by Mary Coleridge
There came a man across the moor,
Fell and foul of face was he.
He left the path by the cross-roads three,
And stood in the shadow of the door.
I asked him in to bed and board.
I never hated any man so.
He said he could not say me No.
He sat in the seat of my own dear lord.
“Now sit you by my side!” he said,
“Else may I neither eat nor drink.
You would not have me starve, I think.”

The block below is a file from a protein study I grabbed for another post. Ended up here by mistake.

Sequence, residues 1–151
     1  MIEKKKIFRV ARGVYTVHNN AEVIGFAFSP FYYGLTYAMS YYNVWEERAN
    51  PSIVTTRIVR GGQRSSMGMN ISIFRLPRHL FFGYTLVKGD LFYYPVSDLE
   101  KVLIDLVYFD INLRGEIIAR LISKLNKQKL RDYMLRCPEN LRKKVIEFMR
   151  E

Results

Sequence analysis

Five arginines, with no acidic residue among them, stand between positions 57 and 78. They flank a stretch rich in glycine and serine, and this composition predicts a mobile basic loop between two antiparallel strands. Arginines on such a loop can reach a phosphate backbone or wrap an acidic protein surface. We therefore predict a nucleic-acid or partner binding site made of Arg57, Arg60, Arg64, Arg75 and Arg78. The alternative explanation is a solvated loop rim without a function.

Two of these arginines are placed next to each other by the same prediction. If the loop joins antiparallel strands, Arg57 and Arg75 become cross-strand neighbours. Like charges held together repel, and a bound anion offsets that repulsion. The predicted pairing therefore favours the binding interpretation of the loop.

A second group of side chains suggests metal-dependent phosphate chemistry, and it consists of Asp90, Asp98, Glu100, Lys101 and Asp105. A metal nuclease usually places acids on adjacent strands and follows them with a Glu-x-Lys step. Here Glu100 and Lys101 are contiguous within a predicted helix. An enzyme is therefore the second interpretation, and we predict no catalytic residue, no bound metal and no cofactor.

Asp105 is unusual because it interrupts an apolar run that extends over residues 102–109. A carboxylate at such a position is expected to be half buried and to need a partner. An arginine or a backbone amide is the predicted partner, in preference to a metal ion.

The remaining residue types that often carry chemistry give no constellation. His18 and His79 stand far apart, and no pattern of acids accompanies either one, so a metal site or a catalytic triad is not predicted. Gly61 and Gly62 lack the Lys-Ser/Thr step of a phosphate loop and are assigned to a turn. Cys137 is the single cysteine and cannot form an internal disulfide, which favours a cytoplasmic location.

He ate the offerings of the dead.
“I’ll light you to your bed,” quoth I.
“My bed is yours – but light the way!”
I might not turn aside nor stay;
I showed him where we twain did lie.
The cock was trumpeting the morn.
He said: “Sweet love, a long farewell!
You have kissed a citizen of Hell,
And a soul was doomed when you were born.
“Mourn, mourn no longer for your dear!
Him may you never meet above.
The gifts that Love hath given to Love,
Love gives away again to Fear.”